Has anyone else noticed this obsession with neon lately? Not only with interior design, but with fine art as well! The fluorescent neon lighting trend has come a long way since its affiliation with smoke filled bars and strip clubs. It has been creeping back into the artworld for the last several years and the evidence is everywhere.
Sir William Ramsay and Morris Travers discovered neon by accident in 1898 while experimenting on liquid air. Georges Claude began creating neon lighting in 1902, as he had surplus neon leftover as a byproduct of his air liquefaction company. Neon lighting consists of brightly glowing, electrified glass tubes or bulbs that contain rarefied neon or other gases. Neon lights are a type of cold cathode gas-discharge light. A neon tube is a sealed glass tube with a metal electrode at each end, filled with one of a number of gases at low pressure
Not all neon lights are neon, in fact only one color of ‘neon’ is actually neon! The color of the light depends on the gas within the tube. Neon lights were named for neon, a noble gas which gives off a popular orange light, but other gases and chemicals are used to produce other colors, such as hydrogen (red), helium (yellow), carbon dioxide (white), and mercury (blue). Various combinations have been created over the years, creating some of our favorites (the pinks and purples!) that we have come to love today.
Did you know there is a museum of neon art? MONA is an institution that exists to encourage learning and curiosity through the preservation, collection, and interpretation of neon art! They have hosted several notable Exhibitions in the last several years. She Bends: Women in Neon was a group art show featuring women benders from around the world and was curated by Meryl Pataky.
Though neon, and neon in art is not new it has been popping up all over lately! Not only do we personally follow several artists who have moved into neon as a medium in the last several years – notable exhibitions and art contests have been booming with the stuff!
The winner of the jury awarded $200,000 Grand ARTPRIZE in Grand Rapids,MI October 8th, 2018 went to “brown, carmine, and blue.” by Le’Andra LeSeur. LeSeur’s “brown, carmine, and blue” utilizes visual media (including several neon elements), installation and performance to make sense of the way current ideologies frame marginalized identities. “Le’Andra so compellingly utilizes all of her resources to take us into her world and her worldview. Her work was so deeply immersive. It’s about gender, it’s about race, it’s about America at its core,” said Davis Anderson, an ArtPrize 10 juror and the Edna S. Tuttleman Director of the Museum at PAFA.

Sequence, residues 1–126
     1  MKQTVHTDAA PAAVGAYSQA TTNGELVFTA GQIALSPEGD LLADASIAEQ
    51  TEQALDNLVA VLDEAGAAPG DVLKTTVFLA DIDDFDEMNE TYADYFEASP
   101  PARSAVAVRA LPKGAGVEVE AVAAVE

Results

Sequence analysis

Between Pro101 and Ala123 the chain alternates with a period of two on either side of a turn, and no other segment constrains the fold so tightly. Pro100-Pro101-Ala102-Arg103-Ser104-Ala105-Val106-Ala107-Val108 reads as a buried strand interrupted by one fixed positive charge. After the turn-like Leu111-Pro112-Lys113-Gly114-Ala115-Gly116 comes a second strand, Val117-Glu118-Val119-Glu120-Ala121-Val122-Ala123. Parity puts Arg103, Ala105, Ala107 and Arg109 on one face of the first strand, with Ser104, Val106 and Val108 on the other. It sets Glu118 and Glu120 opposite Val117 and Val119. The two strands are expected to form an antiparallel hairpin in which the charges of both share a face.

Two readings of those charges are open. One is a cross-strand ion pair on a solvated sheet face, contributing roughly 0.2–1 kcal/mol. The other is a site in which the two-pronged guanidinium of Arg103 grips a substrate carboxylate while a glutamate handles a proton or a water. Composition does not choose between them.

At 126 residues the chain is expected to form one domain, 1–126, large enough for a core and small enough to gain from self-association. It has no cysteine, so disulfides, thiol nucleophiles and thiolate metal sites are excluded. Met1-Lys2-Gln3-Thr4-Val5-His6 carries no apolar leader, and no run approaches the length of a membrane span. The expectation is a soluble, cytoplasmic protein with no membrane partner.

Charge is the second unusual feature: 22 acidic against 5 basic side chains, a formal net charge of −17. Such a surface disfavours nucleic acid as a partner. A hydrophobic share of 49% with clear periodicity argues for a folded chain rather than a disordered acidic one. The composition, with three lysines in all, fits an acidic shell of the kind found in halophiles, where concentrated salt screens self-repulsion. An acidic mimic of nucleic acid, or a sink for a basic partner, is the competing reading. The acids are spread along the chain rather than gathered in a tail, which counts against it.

And then there is Alex Da Corte’s Rubber Pencil Devil featured at The 2018 Carnegie International, that opened on October 13th. The Philadelphia-based artist displays a skeletonof a house covered in neon with flower plantings, jack-o’-lanterns, cupids, etc. Inside, 57 magnetic music videos play (Over the course of three hours), each with pop-culture references. Da Corte stars as most of the characters in the videos. A giant Heinz bottle is jumps around, The Wicked Witch of the West is sings LeAnne Rimes accompanied by Oscar the Grouch, Bugs Bunny is sits on a cartoon crescent moon, singing Frank Ocean.
Then, as ambient music plays, Da Corte walks slowly through the door of a familiar-looking set. He’s dressed as Mister Rogers (who shot his children’s TV show nearby), wearing one of his brightly colored sweaters, smiling warmly to the camera and sitting down to change his shoes. Pretty soon he’s out the door, returning a moment later in a different sweater, switching his shoes once more and departing. He does it again and again, arriving each time in a new sweater and with the same joyful hello to the audience. It’s by turns hilarious and sad, and more than a little dark, but as he keeps going, something else happens: it begins to have the feel of an epic. It’s moving—heroic, even. He—Rogers, Da Corte—is striving to get the job done as well as he can. Like us all, he’s putting on his best face, trying to get through the day.
-Andrew Russeth |ArtNews
We seriously can’t get enough of this work! Fingers crossed we can make some magic happen and go experience it for ourselves. Not only is it stunningly beautiful, but it resonates this strange, intriguing Americana nostalgia. The work has already been widely praised in its week since opening. Popular art hub Artsy recently published “The Carnegie International Puts Joy before Politics”. Everyone is eating up the light-heartedness of this neon structure. Wither it be the cottage feel, the candy-colored films, or various pop culture references such as Pinocchio and Mr. Rogers, something about it makes you smile!
We hope this trend sticks around for years to come! It is candy to our eyes and – I for one have NO shame in being related to a bug drawn to a zapper because we are oohing and aahing over this art trend.
Photos by: Sleekmag.com, Artprize.com, & artnews.com
Tags: and blue, ArtPrize, brown, carmine, Carnegie International, neon, neon art, Rubber Pencil Devil